Hygiene maintenance therapy is an integral part of restorative and periodontal treatment. The removal of stains and plaque from all accessible tooth surfaces is a routine part of the maintenance appointment29. The conventional rubber cup prophylaxis and the air-powder polishing system are both effective professional techniques for plaque and stain removal, without detrimental effects on tooth structure and gingival tissues when correctly used. Since its introduction to the dental marketplace in 1977, air-powder polishing systems have been effective at removing stain and plaque5. The designs of the various air-powder polishing systems, such as Sirona ProSmile Handly, use a mixture of air, water and sodium bicarbonate to deliver a controlled stream of sodium bicarbonate particles to the tooth surface. Advantages of airpolishers are rapid removal of tooth deposits, less invoked hypersensitivity, less operator fatigue, and improved access to pits and fissures5.

The purpose of this study was to investigate the effect of different air-polishing powders on the color stability of different types of composite resin restorative materials. The research hypothesis was that color stability of the composite resins is affected by the type of composite and the air-polishing powders.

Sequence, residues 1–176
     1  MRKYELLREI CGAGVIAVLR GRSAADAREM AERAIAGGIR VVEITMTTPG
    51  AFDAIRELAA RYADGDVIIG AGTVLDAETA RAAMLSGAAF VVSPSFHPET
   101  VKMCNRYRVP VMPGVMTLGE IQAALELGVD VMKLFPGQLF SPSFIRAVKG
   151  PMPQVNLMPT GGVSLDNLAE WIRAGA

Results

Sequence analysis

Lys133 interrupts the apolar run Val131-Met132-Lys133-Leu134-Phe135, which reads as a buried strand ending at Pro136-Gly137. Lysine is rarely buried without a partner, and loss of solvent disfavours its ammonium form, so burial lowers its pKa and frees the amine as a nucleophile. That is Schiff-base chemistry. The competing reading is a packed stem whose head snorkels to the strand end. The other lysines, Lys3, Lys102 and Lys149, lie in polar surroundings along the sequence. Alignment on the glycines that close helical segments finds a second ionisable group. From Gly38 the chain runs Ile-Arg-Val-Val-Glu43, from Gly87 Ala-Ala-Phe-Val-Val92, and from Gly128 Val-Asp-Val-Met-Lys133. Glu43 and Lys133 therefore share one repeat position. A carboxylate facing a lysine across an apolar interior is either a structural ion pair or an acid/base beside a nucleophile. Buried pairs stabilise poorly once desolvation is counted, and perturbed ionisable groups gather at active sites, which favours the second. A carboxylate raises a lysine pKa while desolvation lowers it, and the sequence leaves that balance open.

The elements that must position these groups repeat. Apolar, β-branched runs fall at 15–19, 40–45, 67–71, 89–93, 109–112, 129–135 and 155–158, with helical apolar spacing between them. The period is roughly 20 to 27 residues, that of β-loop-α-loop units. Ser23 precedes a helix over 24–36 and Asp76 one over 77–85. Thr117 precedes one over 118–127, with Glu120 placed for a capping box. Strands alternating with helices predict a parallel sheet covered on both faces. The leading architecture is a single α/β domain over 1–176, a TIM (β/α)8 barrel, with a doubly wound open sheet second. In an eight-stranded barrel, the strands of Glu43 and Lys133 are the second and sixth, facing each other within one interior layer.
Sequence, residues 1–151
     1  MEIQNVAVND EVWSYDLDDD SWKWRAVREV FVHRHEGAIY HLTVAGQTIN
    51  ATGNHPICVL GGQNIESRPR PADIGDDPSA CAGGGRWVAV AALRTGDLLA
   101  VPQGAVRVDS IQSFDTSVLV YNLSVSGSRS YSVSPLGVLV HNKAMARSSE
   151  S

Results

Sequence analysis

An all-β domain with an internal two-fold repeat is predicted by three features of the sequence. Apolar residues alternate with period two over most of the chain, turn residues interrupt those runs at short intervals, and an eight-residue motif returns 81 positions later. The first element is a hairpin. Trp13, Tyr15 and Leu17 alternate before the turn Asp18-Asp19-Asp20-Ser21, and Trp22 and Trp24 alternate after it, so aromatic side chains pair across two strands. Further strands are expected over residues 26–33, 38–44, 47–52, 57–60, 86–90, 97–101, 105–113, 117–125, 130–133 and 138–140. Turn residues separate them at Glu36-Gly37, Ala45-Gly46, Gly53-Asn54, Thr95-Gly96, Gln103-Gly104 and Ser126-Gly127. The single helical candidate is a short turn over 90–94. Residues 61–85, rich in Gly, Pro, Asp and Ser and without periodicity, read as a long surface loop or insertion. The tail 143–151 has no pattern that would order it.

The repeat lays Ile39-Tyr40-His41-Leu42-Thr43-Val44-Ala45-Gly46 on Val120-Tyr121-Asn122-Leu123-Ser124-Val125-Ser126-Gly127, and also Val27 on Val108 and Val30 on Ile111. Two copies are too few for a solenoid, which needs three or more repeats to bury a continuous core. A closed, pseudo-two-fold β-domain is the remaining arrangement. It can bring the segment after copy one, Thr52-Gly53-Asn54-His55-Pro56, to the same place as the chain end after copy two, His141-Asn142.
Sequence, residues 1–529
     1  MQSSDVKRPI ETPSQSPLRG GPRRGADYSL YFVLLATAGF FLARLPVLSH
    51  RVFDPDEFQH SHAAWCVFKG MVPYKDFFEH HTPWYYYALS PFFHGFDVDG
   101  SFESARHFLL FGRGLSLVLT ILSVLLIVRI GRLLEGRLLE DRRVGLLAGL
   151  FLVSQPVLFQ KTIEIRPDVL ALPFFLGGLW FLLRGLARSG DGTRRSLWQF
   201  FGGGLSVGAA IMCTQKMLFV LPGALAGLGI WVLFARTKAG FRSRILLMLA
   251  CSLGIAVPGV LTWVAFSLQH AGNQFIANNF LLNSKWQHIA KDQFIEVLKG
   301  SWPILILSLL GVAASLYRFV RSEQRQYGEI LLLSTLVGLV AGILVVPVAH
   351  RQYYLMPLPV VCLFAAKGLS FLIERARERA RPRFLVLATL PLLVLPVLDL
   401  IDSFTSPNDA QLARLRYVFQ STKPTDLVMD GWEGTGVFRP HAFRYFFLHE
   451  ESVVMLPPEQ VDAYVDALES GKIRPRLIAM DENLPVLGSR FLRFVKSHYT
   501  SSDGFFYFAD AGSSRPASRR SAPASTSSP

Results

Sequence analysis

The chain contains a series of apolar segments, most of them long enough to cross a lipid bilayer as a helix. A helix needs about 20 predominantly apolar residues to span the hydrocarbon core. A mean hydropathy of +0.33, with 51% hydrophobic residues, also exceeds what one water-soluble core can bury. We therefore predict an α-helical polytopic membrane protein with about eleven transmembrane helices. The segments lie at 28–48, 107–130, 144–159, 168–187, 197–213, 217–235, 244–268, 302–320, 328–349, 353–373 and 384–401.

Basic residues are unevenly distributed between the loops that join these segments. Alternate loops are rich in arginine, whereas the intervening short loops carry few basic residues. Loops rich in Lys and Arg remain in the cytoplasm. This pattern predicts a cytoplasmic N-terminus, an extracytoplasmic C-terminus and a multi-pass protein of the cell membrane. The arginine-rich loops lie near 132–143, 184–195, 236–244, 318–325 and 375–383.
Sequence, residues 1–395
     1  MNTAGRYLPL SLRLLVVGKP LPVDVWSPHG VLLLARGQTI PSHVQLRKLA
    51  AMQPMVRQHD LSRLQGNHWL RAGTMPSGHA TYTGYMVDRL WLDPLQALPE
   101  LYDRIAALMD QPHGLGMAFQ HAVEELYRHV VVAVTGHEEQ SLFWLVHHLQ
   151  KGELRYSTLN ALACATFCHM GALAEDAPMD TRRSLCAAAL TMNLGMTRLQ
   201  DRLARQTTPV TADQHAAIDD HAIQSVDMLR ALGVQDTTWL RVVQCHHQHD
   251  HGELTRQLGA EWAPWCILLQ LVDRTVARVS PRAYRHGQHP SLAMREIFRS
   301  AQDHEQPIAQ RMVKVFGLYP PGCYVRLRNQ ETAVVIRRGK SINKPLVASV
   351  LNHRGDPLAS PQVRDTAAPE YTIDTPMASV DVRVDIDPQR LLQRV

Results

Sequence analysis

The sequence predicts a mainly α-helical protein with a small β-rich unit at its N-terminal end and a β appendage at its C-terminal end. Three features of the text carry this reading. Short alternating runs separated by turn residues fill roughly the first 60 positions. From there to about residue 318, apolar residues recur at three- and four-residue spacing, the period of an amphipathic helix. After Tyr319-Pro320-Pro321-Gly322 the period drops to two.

MATERIAL AND METHODS

In the present study 7 composite resin restorative materials were investigated. The composite resins used in this study are shown in Figure 1. Thirty cylindrical specimens (15×2 mm) were prepared for each of the 7 composite resin restorative materials using a brass mold. The materials were handled and polymerized according to the manufacturers' instructions. Light-polymerized specimens were polymerized using a halogen lamp (Astralis 3, Ivoclar-Vivadent, Schaan, Liechtenstein) with a light intensity of 400 mW/cm2 for 20 s and with the light tip approximately 1 mm away from the specimens for both sides. Both sides of the specimens were wet-ground with 1000-grit silicon carbide abrasive paper for 10 s, on a 300 rpm grinding machine (Buehler Metaserv, Buehler, Germany). All specimens were polished with a series of 12.7-mm-diameter aluminum oxide polishing discs (Sof-Lex; 3M ESPE, St. Paul, MN, USA) with an electric handpiece (K10; Kavo, Leutkirch, Germany) at a speed of 10,000 rpm for 10 s with coarse and medium discs and at a speed of 30,000 rpm for 10 s with fine and superfine discs according to manufacturer's directions. The specimens were stored for 24 h in distilled water at 37°C prior to subjecting them to air-powder application.